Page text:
There’s no “right” way to make an album. But, if you’re looking for a template to capturing a great band with great sound, you don’t need to look much further than the first Van Halen record.
“Van Halen” wasn’t exactly a flashy production. Tracked at Sunset Sound in October 1977 for the modest sum of $40,000 (compare that to the whopping $1.4 million Fleetwood Mac spent cutting “Tusk” the following year), the approach was very much “keep it simple.” As engineer Jon Landee told Van Halen News Desk in 2013:
“They’d barely had any studio experience… at that point, we really wanted to get them before they knew what they were doing – just have them come in and play and then get them out. So we spent very little time in pre-production, in fact, we treated the first album like it was a demo.”
Part of that approach was getting Van Halen to do what they did best; play live. As bassist Michael Anthony told MusicRadar in 2010:
"We basically just took our live show and all the songs we knew and went for it. The whole album only took a couple of weeks.”
In today’s context, one of the most amazing things about that first VH record is that it’s almost entirely bereft of overdubs. Only“Runnin’ With the Devil”, "Jamie's Cryin'", "Feel Your Love Tonight" and "Ice Cream Man" contain guitar overdubs. And, according to Landee, even those dubs “were done in one take.”
The live, in your face sound of the first Van Halen album was a hit with the rock n’ roll record buying public. Released in February 1978, it went Platinum in October of that year. In 1996, it was re-certified by the RIAA for selling over 10 million copies in the US alone.
Unfortunately, you couldn’t make a record like that today. Bands don’t hone their live chops like Van Halen did for one – the band had racked up tons of live experience before setting foot in the studio. For another, most new tracks tend to be “quantized.” What exactly does that mean? I’ll leave it to YouTuber Dr. Bob to explain it to you:
"Almost every new song you've heard in the past 20 to 30 years has been time corrected or programmed, which means every part of the song is in perfect time and locked to the grid or metronome to non-human standards of playing."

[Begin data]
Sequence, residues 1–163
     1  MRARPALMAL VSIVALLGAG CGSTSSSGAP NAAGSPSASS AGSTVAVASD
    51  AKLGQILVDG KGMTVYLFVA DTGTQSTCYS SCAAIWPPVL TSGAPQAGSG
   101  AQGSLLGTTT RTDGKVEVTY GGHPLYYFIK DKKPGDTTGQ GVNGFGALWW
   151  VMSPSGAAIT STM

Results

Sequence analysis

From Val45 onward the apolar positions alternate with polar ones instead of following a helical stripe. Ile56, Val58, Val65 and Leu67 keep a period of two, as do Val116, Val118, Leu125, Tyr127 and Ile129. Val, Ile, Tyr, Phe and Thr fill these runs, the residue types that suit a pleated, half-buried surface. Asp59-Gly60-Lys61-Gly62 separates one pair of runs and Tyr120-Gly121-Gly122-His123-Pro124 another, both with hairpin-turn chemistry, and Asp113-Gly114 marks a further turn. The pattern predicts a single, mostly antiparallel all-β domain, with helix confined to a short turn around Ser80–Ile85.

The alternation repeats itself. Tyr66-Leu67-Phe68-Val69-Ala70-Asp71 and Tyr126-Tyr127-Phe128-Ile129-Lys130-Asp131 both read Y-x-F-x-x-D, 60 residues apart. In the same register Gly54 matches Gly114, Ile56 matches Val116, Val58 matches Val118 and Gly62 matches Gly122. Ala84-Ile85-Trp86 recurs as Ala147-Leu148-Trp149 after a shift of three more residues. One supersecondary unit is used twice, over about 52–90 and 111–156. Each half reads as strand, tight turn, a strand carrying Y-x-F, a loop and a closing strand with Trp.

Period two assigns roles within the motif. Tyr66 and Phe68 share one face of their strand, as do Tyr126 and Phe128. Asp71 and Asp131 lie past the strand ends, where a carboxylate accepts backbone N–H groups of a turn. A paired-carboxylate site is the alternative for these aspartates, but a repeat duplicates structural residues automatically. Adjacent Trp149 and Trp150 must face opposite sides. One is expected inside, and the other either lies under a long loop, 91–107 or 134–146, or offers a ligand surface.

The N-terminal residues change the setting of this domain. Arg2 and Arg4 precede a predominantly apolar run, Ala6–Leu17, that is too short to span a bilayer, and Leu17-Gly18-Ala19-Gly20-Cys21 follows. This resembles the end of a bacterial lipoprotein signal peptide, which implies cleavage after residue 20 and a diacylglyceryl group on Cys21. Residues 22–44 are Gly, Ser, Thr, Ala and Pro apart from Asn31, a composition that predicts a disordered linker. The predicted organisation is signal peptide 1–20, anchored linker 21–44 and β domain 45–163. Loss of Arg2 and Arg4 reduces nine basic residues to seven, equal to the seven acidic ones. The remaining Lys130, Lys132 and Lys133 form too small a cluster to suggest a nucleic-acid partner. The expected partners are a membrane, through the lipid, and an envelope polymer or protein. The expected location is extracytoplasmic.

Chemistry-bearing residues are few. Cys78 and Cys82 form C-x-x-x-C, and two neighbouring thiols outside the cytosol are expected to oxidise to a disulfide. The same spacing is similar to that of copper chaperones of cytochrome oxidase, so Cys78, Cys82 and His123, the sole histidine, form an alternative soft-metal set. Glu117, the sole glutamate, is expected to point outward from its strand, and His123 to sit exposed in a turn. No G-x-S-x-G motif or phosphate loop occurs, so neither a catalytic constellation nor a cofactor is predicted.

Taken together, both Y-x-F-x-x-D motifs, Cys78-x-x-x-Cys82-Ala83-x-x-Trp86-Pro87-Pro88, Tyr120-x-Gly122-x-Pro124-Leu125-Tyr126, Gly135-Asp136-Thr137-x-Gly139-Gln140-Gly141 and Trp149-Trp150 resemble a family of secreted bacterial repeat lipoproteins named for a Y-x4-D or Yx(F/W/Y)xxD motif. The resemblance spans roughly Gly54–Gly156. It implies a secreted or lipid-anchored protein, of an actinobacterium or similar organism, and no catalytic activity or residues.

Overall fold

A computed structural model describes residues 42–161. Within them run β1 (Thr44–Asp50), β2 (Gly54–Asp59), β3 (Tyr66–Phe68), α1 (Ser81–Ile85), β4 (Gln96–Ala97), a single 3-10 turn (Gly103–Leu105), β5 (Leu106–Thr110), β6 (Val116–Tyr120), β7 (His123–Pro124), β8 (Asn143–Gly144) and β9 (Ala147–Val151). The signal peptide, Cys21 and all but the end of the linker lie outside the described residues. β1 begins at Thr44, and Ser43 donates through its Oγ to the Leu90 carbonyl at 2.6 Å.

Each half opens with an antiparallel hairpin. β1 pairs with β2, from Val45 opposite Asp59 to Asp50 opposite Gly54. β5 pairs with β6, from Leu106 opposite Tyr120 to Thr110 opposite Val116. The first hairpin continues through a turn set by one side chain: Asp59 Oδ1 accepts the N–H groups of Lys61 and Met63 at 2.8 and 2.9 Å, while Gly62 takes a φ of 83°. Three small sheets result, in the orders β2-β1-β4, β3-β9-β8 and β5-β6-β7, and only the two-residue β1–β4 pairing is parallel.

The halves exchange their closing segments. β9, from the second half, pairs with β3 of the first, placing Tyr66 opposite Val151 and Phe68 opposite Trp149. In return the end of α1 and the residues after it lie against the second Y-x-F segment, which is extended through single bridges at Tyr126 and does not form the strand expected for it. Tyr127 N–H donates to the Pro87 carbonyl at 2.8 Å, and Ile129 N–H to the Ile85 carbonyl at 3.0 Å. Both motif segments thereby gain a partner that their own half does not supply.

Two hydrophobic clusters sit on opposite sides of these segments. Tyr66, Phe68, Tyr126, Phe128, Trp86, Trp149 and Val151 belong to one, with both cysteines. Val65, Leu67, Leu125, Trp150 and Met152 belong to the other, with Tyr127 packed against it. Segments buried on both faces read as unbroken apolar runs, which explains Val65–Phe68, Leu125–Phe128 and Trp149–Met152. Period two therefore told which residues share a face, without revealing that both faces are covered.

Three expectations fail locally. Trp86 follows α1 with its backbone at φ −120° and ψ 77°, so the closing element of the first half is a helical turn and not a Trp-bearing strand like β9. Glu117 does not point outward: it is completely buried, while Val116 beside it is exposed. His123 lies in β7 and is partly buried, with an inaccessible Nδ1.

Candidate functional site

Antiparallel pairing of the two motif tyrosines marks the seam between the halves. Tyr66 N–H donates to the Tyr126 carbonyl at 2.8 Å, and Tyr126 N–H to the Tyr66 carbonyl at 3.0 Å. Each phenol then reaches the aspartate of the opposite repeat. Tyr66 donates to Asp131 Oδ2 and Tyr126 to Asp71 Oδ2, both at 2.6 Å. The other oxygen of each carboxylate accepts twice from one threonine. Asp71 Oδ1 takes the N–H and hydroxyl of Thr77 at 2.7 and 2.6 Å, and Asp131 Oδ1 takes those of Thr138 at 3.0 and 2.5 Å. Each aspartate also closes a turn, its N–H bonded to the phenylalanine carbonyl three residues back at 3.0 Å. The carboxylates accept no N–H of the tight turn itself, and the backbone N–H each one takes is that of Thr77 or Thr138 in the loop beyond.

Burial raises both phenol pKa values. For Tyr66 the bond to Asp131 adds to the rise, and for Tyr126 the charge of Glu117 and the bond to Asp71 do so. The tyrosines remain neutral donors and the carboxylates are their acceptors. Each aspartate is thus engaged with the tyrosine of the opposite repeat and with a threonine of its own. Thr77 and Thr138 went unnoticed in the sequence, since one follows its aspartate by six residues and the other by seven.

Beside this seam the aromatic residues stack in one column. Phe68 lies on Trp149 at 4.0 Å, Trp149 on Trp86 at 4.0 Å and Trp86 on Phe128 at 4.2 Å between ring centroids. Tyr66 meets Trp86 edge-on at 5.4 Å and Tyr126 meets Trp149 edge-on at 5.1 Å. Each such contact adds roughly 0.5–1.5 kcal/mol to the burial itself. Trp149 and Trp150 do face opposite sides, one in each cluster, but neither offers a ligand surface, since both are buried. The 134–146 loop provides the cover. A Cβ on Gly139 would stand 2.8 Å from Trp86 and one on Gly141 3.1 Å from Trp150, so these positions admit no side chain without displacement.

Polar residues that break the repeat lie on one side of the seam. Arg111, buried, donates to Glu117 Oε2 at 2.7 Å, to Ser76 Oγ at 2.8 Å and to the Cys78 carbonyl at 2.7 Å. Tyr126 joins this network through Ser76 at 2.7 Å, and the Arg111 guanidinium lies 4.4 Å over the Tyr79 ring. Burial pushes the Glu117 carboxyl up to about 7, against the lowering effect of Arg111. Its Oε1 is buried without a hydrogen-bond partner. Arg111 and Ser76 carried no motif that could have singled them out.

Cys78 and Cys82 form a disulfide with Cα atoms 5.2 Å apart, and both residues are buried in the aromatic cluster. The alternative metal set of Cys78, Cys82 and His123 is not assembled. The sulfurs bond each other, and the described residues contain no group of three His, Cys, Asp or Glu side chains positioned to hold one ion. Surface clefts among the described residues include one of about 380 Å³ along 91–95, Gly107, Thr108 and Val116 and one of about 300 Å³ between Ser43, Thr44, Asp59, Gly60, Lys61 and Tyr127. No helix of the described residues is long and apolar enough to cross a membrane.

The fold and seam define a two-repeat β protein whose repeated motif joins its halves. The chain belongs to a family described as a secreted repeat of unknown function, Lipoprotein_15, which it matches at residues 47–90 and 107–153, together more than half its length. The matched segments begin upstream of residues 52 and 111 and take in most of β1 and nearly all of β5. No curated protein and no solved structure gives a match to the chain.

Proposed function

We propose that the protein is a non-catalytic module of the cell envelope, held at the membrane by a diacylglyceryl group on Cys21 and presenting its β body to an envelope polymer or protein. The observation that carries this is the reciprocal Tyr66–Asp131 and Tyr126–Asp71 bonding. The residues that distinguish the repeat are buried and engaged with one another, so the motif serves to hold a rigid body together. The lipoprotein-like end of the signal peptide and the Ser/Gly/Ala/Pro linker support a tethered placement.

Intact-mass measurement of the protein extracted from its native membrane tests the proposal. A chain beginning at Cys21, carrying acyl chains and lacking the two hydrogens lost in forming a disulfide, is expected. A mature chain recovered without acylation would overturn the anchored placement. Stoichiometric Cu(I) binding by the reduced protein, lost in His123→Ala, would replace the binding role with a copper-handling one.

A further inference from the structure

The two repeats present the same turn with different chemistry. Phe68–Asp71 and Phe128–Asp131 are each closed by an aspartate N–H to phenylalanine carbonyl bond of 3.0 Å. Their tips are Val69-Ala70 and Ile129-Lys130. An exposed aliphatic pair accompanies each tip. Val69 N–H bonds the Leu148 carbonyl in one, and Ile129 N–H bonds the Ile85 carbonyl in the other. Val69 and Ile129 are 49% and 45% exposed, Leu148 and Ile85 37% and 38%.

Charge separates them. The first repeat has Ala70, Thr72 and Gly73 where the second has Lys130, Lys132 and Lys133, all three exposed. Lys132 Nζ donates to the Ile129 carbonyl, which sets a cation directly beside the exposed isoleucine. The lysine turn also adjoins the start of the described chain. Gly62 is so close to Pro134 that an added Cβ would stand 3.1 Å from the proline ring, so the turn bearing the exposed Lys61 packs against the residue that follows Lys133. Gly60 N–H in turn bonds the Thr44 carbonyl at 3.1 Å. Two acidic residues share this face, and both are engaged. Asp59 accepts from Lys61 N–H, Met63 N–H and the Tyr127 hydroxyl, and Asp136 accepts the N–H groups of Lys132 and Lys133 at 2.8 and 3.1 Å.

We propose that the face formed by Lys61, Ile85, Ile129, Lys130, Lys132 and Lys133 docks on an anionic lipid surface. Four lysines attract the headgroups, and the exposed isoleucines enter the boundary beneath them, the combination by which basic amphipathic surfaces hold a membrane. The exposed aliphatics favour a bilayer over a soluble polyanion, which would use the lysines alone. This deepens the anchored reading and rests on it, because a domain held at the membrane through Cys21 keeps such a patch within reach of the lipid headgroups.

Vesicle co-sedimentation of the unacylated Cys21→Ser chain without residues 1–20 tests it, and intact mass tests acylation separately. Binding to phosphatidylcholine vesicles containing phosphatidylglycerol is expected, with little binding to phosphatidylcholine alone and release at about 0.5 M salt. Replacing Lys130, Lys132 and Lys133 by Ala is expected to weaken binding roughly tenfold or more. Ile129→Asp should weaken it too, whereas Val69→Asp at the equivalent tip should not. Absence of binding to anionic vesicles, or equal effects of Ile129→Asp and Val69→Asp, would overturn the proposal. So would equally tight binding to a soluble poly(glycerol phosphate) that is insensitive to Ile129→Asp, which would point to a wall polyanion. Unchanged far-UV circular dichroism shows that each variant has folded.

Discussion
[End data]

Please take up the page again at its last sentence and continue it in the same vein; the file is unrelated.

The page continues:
Quantizing is fine for plenty of genres, but when it comes to no-nonsense rock n’ roll. Well… hear for yourself. Dr. Bob’s taken the liberty of quantizing VH’s seminal “Runnin’ With the Devil” – even Eddie’s solo. You can check it out below:
As Classic Rock states, Dr. Bob effectively illustrates that the “’all over the place tempo’, the peaks, the valleys and the groove are what made the song great in the first place.”
"Don't kill a groove just because you have the tools to," Bob concludes. Here at Thalia, we’re inclined to agree.
Music has been a fundamental aspect of human existence since the dawn of time. From the beating of tribal drums to the symphonies of Beethoven, music has been used to express the entire range of human emotions and experiences. Music has been so important throughout history, from the earliest known musical notation on a bone flute dated over 40,000 years ago to the modern-day digital age.
So, what do Keith Richards, Charlie Starr, Robert Johnson, Joni Mitchell, Rich Robinson and Lowell George all have in common? They all play differently, work in different genres, and are even generations apart... The common element is that they’ve tuned their guitars to Open G. This is one of the more common open tunings there are and provides a great starting point for those who want to experiment with something beyond standard tuning. It’s also fun for those who want to try and play slide guitar.
The Motown Sound. Everybody knows what it is. Even if you don’t know what it is, you’ve certainly heard it. You’ve heard it with Marvin Gaye, The Supremes, The Four Tops, Little Stevie Wonder, The Temptations, Gladys Knight and the Pips, Martha and the Vandellas, Smokey Robinson and The Miracles, and The Jackson 5, among many, many others.